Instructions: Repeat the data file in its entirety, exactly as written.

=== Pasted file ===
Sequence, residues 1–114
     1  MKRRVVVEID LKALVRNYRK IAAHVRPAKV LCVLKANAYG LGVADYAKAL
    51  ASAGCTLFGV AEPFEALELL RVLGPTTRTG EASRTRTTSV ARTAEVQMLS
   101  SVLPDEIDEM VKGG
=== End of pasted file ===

Sequence, residues 1–114
     1  MKRRVVVEID LKALVRNYRK IAAHVRPAKV LCVLKANAYG LGVADYAKAL
    51  ASAGCTLFGV AEPFEALELL RVLGPTTRTG EASRTRTTSV ARTAEVQMLS
   101  SVLPDEIDEM VKGG